There is a limit to high much iso-alpha acid (hop bitterness) can be absorbed into wort. It is highly dependent on original gravity. IAnd icreasing hopping rates does not result in a linear increase in bitterness, at about 60-70 IBU, you get into a situation of diminishing returns.
    And also, it should be noted that despite whatever wort bitterness level you start with, 20-30% of that bitterness is lost during fermentation, due to yeast absorbing bitter compounds. Also the pH drop as the wort is converted to beer results in bittering compounds solidifying and dropping out, they become less soluble with lower pH.
    Most small brewers are using calculations, and that only provides you with a rough estimate, and most often, this estimates are very high. The only way to determine beer bitterness is by measuring it analytically.
    -Mitch

  4. SteveH February 16, 2009 at 9:16 am #

    How do wines fair with the LCBO? I’ve heard that they’re often way off their label listings.

  5. Ron Pattinson February 17, 2009 at 3:53 am #

    I’ve heard that it’s common for Belgian brewers to deliberately label their beers with a lower ABV than is actually present. For tax-dodging purposes, I believe.

    I always smile when I see IBU figures being thrown around. I’m sure most have never been measured and are not the actual values. It would be interesting to analyse a bunch of high-UBU beers and see just how far off the claimed values are.

  6. E.S. Delia February 17, 2009 at 8:46 am #

    IBU calculation = too much time on your hands. Sometimes these stats get too geeky even for me, so I can only imagine what the casual beer consumer thinks of it. Maybe that’s the exact reason good beer can still be a tough sell.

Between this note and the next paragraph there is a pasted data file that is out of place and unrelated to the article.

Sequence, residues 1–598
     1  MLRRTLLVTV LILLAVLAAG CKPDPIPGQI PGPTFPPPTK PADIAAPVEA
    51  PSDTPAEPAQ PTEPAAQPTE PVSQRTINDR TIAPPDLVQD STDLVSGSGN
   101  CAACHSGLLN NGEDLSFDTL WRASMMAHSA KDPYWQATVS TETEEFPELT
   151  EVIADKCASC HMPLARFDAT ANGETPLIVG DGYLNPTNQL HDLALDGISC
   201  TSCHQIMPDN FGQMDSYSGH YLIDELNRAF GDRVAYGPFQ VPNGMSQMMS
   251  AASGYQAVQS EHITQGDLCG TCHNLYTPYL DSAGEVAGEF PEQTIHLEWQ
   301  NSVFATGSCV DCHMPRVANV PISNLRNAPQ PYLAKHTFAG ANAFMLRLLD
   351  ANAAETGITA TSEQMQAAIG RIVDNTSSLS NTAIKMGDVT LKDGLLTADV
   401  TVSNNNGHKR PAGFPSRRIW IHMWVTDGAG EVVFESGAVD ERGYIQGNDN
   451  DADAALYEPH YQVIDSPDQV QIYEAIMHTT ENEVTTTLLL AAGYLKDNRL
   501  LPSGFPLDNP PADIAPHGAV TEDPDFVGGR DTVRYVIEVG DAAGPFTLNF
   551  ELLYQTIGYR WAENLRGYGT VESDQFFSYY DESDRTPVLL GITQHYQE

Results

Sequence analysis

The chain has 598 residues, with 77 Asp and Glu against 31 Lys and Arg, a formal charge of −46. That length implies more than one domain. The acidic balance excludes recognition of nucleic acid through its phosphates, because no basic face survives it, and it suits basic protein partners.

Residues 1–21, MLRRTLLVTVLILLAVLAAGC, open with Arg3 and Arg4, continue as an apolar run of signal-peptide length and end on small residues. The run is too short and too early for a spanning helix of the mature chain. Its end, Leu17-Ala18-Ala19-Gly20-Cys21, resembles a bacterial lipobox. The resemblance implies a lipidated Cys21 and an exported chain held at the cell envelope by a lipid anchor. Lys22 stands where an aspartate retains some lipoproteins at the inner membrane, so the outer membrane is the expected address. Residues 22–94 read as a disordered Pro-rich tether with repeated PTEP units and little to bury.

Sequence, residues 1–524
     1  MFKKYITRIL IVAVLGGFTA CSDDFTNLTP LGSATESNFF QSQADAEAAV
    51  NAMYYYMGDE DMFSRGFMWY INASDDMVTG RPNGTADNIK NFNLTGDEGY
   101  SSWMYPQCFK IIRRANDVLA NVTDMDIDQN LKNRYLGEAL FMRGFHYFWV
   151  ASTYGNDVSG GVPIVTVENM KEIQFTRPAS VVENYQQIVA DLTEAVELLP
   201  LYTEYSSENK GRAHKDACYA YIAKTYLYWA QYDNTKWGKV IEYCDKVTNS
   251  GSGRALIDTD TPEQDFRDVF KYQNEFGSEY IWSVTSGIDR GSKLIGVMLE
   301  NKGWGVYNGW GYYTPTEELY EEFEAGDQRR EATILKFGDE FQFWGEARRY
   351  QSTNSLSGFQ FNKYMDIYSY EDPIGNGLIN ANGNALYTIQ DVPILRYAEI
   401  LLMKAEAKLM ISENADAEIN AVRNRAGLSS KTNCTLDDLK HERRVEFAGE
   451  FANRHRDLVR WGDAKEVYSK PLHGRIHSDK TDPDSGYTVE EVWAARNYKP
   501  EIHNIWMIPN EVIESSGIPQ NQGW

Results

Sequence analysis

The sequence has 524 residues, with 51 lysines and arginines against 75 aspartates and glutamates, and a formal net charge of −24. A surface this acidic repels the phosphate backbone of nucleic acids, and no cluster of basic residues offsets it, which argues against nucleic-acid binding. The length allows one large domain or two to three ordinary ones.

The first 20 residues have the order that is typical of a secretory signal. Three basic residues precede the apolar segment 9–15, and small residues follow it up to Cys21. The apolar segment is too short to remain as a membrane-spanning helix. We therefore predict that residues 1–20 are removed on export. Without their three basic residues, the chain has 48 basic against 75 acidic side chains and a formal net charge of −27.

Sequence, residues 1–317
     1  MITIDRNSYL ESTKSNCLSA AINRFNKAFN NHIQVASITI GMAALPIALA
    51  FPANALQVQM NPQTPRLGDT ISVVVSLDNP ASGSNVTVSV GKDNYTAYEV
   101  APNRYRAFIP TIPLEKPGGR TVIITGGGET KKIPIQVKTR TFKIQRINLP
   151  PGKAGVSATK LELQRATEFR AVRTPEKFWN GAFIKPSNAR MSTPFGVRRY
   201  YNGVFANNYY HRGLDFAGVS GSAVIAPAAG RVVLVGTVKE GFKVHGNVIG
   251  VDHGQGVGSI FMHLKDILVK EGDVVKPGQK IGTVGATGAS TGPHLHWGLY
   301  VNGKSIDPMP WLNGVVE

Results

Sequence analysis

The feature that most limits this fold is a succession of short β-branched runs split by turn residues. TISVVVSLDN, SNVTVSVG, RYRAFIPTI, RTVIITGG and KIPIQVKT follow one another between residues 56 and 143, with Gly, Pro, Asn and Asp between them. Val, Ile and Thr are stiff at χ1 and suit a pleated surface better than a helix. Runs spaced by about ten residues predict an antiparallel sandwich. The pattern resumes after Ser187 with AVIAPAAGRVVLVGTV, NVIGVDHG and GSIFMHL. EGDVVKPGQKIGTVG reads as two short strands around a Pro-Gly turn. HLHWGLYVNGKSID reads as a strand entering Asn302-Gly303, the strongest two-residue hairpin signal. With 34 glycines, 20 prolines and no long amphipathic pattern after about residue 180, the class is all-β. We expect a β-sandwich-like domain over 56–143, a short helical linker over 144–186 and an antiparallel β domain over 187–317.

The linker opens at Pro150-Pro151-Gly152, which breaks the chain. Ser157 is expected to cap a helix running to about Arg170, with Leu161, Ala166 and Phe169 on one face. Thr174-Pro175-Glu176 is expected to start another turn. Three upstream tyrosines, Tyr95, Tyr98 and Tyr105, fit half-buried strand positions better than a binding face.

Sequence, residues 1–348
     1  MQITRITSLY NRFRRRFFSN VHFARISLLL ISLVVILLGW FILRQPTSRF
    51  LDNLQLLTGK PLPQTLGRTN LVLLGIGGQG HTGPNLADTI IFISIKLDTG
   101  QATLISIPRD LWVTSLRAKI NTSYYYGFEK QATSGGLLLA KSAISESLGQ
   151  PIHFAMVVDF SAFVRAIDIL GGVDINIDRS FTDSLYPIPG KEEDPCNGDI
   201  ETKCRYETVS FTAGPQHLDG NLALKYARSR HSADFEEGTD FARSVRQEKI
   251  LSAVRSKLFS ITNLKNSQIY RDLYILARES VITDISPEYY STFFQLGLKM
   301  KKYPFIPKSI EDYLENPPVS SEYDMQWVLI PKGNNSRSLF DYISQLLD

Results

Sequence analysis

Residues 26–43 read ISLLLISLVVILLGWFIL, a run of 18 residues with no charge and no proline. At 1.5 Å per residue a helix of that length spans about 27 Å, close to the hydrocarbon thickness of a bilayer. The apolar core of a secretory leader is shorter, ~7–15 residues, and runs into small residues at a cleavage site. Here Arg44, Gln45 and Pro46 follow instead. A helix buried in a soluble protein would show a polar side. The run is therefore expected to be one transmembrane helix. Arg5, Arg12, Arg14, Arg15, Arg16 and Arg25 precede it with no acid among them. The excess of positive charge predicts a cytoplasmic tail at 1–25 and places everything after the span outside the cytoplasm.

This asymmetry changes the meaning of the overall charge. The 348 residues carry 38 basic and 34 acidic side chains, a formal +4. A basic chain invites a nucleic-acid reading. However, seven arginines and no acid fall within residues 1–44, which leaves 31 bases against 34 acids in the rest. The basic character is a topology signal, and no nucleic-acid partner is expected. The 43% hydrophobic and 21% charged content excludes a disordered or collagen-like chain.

Do I really care you got your beer tested in a lab? Are my tastebuds rejoicing because you correctly identified an 8-point difference from your original calculation?

    How about “is it bitter?” and “does it taste good?”

  7. Mario (Brewed For Thought) February 17, 2009 at 9:34 am #

    Thanks for the link Stan. I was nervous about the idea of taking beer to a fraternity, but you have to ask yourself, when did you first got into beer? I was a freshman in college (shhh) and Boont blew my mind. From the response I got I can see they had a good time. If we want to further the cause of craft beer, we have to think like the tobacco companies and hook ’em young (no younger than 21).

  8. Stephen Beaumont February 17, 2009 at 9:50 am #

    Of the cases I am familiar with, most American craft beers caught by the lab with incorrect alcohol contents have overstated their strength. The LCBO allows for minor variances, but in some notorious cases there has been as much as several percentage points of difference. Again from what I’ve heard, the Belgians are more evenly divided between overstating and understating.

    I don’t really know much about wine and the lab, Steve, but I can look into it if you’re interested. Drop me a line.